By MATT LOWCOCK
The global climate crisis is not gender neutral. Around the world, women and girls are on the front line of changing weather patterns – disproportionately shouldering the costs and burdens.
In Southern Africa, some 12 million people currently face severe food insecurity across nine countries as a result of drought, cyclones, and floods.
But it is women and girls who are particularly affected. They are more likely than men to be already living in poverty; they lack access to land despite dominating food production; and they carry the weight of caring for their ailing families.
This climate crisis is also eroding their basic right to safety and protection. It heightens problematic – and dangerous – gender norms that generate increased risks of violence for women and girls.
What to do?
As a start, all humanitarian action must reflect the specific needs and priorities of women and girls. We need to see more resources targeting prevention and response to survivors of sexual and gender-based violence. At the same time, investments in climate change mitigation and adaptation must include a gender lens to ensure they are inclusive.
Across the region girls have been dropping out of school to help their families find food, care for their siblings, or earn money. School drop-out rates are so high in drought-affected districts of Zambia that dozens of primary schools have closed.
Women and girls are also increasingly resorting to extreme coping mechanisms, including transactional sex, to support their families. And if families cannot find any other way to cope, they may resort to marrying their daughters off, in exchange for money, assets, or food. OCHA, the UN’s emergency aid coordinating body, recently met with women in southern Angola on the border with Namibia to see how they were coping with the drought conditions.
One woman, Maria do Ceu, whose husband is a herder, said the drought was the worst she has ever seen. Most of her family’s livestock died before they could reach water and her girls have dropped out of school. They were too weak and hungry to attend, and spend all day collecting water and wild fruits to survive. They travel so far each day Maria fears for their safety, and that includes the threat of sexual violence.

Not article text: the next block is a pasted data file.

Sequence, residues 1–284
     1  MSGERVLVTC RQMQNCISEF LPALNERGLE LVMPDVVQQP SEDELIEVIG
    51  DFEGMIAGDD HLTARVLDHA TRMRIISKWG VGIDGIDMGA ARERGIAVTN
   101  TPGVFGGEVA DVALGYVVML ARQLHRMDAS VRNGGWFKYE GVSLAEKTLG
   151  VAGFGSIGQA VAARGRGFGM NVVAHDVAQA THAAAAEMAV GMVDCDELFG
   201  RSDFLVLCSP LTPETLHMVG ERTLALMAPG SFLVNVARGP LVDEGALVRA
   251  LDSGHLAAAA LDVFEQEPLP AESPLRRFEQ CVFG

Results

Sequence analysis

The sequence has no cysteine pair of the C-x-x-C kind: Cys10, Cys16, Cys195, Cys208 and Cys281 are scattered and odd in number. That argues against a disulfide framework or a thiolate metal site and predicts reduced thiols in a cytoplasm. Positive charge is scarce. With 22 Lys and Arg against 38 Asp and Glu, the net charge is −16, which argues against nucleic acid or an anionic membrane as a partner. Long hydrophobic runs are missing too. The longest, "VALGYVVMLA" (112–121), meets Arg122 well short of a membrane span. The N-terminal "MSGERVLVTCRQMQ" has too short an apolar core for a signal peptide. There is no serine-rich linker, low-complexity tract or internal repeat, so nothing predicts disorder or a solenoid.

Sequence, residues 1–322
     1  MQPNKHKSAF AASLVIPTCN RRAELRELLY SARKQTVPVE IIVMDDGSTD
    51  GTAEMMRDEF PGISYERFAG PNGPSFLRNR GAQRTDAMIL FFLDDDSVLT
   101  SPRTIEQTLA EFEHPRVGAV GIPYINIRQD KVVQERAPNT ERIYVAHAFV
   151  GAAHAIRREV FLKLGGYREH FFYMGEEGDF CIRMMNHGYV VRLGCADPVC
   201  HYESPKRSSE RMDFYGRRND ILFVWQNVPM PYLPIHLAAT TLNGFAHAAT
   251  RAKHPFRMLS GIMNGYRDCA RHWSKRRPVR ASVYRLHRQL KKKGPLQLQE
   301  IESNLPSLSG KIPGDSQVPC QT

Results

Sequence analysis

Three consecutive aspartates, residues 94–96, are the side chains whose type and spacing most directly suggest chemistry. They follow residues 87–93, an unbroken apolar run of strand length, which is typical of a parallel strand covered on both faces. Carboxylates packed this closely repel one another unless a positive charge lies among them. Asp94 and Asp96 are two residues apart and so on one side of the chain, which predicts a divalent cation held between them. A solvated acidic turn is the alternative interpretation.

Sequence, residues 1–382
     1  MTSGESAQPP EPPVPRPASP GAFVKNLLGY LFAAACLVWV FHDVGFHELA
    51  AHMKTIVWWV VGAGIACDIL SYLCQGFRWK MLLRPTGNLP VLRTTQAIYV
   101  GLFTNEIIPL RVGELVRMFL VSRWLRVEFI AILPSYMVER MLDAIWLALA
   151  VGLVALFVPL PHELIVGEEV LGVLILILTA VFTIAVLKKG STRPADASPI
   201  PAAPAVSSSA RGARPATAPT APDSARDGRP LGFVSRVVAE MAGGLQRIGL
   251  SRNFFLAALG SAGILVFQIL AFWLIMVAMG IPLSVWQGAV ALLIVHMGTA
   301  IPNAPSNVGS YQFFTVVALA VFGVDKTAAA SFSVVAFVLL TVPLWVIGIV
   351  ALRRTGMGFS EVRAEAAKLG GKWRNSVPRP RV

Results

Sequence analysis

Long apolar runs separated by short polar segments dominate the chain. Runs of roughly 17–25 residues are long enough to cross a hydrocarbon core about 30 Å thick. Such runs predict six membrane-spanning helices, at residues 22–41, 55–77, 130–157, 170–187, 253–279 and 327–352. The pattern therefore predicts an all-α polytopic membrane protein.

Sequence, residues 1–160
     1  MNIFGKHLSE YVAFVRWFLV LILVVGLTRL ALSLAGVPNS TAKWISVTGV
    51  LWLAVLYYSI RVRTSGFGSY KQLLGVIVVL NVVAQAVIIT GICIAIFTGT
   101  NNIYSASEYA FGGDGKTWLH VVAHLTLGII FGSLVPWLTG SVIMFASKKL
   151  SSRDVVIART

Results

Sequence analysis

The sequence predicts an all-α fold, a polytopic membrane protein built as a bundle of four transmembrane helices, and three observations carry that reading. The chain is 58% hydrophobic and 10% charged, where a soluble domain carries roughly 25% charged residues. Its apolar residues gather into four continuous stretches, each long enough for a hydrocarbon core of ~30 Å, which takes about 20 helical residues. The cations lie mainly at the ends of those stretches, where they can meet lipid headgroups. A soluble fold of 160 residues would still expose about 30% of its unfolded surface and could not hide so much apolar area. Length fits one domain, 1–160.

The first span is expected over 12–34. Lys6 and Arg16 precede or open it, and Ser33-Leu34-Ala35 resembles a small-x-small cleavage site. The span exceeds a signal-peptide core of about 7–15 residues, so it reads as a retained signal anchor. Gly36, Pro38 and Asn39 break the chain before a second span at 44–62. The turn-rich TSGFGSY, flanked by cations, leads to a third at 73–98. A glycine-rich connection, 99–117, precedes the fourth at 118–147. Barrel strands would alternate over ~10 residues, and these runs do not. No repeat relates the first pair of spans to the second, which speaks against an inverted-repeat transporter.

In Mozambique, following Cyclones Idai and Kenneth, the United Nations Population Fund (UNFPA) led assessments that showed increased protection risks for women and girls, including gender-based violence. Many women were separated from family and community networks and had lost their livelihoods and support systems. In a food security assessment by the NGO Plan International involving consultations with 140 women in Zambia’s Eastern Province, all of them said sexual abuse levels had risen in the current crisis. Sitengi Namuchi, a police officer in the child protection unit in Shangombo district in western Zambia, said reports of early marriage have been rampant since the drought set in late last year.
As Namuchi put it: “Parents are given cows and mealie-meal in exchange for their daughters, whom they consider an asset. The common age group is 13-16 years old… The main challenge is hunger. If hunger is catered for, desperation by parents will be reduced and more girls can go to school instead of being married off early.” Early marriage is closely linked with early pregnancy, which can have severe and lifelong health consequences. Human trafficking is also increasing, according to assessments, including for prostitution.
Those who are fighting to protect girls face an uphill battle. Namuchi told OCHA that “whenever hunger strikes, girls are often seen as a burden by some communities. During rescue operations [to retrieve married children], the families argue with the officers, claiming that it is better to marry off the girls, so that the burden can be relieved from their side and the daughter can start providing for herself.”